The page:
Source: Pixabay, CC0 Public Domain
The term “ghosting” originated in the dating world, in which, to avoid the awkwardness of saying, “No,” the person just goes silent: stops returning calls, emails, and texts.
Alas, ghosting has metastasized into the work world:
- Your boss said you’d get that promotion soon. Months pass and nothing. You’ve been ghosted.
- You applied for a job, worked hard on the application, went through a tough interview or three and then waited, and waited. The silence never ended. Ghosted.
- A co-worked promised to get you a work-product by Monday….Silence. Ghosted.
Ghosting at work is accelerating perhaps because people are busier and more stressed and so more likely to choose convenience over courtesy. After all, not responding is not only easier, but in saying “No,” a person is forced into a no-win: Tell the true reason for the “no” for example, that the job applicant is less intelligent than the winning candidate, and that risks an angry or defensive response, if not a lawsuit. Give the standard vague but bulletproof, “We hired someone who is better fit for the position” and you’ve taken time and given the person nothing useful. Yet simply saying no without explanation may well result in the person coming back and asking for one. So many people decide it’s easier to ghost.
A person may even use ghosting to punish someone they dislike. For example, you asked a co-worker to write something that will help you get a project done by Monday. The person agrees but privately resents it or dislikes you, and decides to not do it and, later, to ghost you, leaving you hanging in that no-win of having to nag on Monday or stew hoping the work will be done soon.
The Ghosted’s 3-Step
Getting ghosted can make you feel unimportant. You might even overgeneralize and reinforce your worry that you’re an unworthy human being. There’s no way to avoid such a feeling at that first moment—that’s a reflex. But after that, you have control over your thinking and behavior. Get in the habit of doing the Ghosted’s 3-Step:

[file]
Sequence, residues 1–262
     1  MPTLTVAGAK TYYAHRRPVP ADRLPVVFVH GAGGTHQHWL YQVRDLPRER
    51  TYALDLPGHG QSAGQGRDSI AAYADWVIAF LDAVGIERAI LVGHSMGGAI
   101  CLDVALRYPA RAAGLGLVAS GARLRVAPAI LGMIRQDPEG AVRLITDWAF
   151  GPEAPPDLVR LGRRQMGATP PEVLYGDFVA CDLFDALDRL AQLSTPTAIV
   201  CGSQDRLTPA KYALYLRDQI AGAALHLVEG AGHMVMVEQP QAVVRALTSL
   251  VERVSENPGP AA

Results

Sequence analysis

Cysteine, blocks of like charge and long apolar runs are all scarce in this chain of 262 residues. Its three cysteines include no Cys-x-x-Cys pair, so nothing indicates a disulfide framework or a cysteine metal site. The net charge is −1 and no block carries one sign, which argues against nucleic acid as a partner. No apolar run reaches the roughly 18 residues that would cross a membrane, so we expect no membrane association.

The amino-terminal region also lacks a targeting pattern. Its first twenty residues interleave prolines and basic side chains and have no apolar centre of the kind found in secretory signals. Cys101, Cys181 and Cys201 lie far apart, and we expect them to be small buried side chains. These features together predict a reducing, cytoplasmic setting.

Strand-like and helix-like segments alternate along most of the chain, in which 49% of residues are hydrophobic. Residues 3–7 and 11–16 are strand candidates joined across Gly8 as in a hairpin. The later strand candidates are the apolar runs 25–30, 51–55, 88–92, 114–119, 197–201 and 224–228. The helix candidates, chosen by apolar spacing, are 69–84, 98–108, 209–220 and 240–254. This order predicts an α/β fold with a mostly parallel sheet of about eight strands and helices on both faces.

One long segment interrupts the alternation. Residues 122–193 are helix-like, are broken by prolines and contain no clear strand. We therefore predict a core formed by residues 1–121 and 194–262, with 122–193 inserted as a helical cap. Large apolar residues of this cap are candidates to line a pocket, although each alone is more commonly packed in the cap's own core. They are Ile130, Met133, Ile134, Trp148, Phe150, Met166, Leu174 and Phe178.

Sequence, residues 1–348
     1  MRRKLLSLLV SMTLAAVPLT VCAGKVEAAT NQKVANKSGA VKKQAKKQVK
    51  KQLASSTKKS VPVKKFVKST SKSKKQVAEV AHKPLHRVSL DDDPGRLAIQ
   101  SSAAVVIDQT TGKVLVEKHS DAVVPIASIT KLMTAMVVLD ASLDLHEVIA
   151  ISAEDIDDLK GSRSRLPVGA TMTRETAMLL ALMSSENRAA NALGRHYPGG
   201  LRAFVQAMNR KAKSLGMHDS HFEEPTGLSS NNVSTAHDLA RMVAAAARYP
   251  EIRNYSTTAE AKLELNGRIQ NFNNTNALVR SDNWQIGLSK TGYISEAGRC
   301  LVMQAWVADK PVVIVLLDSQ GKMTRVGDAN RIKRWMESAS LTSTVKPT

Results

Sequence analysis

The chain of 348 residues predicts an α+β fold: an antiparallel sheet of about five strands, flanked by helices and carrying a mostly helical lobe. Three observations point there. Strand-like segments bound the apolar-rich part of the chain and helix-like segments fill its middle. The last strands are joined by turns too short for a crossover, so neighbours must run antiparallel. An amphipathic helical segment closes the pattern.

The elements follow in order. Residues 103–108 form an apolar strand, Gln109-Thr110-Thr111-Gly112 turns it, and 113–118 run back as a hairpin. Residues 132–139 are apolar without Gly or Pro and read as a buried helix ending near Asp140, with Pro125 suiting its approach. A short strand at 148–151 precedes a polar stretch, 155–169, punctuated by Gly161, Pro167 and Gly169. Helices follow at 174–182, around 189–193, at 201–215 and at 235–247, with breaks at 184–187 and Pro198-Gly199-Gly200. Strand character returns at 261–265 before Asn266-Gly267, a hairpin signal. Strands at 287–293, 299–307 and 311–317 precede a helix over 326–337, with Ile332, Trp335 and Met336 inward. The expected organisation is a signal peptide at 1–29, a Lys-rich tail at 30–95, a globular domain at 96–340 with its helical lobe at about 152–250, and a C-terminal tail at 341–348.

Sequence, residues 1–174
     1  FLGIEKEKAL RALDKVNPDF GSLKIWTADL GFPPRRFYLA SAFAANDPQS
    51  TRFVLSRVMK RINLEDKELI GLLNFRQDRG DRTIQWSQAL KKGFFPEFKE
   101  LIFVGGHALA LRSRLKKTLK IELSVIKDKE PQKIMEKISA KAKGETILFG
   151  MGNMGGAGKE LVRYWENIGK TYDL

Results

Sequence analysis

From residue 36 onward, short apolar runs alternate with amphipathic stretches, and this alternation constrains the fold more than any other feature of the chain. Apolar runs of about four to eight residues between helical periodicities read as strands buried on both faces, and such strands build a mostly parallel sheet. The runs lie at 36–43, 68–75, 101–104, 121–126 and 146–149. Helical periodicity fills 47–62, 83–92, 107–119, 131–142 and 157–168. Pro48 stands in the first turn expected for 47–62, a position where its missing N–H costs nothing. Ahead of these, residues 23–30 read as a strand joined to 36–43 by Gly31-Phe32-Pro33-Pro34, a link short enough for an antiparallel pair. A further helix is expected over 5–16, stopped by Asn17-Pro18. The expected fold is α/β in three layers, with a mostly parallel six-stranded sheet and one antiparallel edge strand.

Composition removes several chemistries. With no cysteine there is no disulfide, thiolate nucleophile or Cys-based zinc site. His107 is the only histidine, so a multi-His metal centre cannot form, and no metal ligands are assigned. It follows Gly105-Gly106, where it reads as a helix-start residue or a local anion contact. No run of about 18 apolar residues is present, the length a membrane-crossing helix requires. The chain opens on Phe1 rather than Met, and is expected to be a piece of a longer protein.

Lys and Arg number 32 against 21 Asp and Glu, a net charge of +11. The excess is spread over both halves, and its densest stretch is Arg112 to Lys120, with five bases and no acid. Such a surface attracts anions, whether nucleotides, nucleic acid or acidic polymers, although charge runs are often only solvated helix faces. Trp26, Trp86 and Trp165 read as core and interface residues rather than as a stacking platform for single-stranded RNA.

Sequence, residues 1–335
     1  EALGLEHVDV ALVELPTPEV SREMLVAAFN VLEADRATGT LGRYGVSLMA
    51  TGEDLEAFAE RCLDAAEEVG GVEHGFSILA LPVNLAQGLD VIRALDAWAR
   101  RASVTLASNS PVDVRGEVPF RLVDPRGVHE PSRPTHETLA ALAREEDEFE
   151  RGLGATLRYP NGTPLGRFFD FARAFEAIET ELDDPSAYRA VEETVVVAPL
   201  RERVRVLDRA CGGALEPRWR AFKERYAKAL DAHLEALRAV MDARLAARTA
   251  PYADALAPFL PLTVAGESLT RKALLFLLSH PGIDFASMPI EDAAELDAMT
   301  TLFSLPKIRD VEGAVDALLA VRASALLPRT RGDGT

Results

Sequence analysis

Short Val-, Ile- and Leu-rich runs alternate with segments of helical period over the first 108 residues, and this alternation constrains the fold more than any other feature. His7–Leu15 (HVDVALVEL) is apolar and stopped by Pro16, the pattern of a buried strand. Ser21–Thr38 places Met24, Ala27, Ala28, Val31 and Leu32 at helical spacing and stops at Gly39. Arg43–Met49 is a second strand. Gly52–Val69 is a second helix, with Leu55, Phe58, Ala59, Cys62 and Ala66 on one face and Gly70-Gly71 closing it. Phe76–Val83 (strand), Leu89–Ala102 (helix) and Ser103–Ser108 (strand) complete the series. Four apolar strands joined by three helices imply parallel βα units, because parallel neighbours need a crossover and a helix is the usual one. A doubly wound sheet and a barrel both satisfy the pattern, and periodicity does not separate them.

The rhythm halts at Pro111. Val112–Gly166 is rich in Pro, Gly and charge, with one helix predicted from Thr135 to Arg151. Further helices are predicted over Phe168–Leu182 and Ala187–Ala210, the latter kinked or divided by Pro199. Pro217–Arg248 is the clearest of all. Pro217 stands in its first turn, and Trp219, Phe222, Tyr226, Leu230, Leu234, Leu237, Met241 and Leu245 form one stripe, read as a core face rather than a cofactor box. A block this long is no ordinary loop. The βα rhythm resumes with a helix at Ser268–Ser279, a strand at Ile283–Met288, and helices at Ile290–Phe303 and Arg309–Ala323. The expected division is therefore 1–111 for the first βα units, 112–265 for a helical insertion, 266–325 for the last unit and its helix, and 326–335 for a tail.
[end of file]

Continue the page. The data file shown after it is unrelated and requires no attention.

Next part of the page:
1. Reflect on your role in having been ghosted. Was it unreasonable for you to ask, for example, to apply for that job, ask for the raise, or for the person to help you? Or if your request was reasonable, had you previously made the person justifiably dislike you?
2. Choose the wise response: a tactful follow-up, a blunt follow-up, or no-response. Usually, a brief tactful follow-up is wise. For example:
- After the job interview, I was more interested in the position than ever, feeling I was a good fit and that I’d enjoy the work and working with you. You said you’d let me know within two weeks. It’s been three and I thought I’d follow up.
- I was pleased that you agreed to help me get the project done by Monday. Well, it’s Tuesday. Can I expect that or have you gotten swamped with other things?
Sometimes, it’s wiser to be blunt. For example,
Per my previous performance review, you said you’d give me an accelerated review in six months and, contingent on continued good performance, give me a promotion and significant salary increase. At the seven-month mark, I emailed you and got no response. I must admit I’m disappointed and am contemplating my next steps. I look forward to a clear response at your earliest convenience.
3. Having taken considered action, it’s usually wise to not additionally mull, let alone fume about it, but rather to distract yourself by—at the first moment you find yourself revisiting the issue—forcing yourself to redirect to a positive baby step on some other matter.
Straight talk to Ghosters
I’ll be unvarnished: Whether in your work or personal life, ghosting is beyond rude; it’s cruel. Even if it’s a just to respond with a one-liner such as, “I’m swamped. I’ll get back to you in a week,” do it. Otherwise, you need to face that you are not the nice person you claim to be.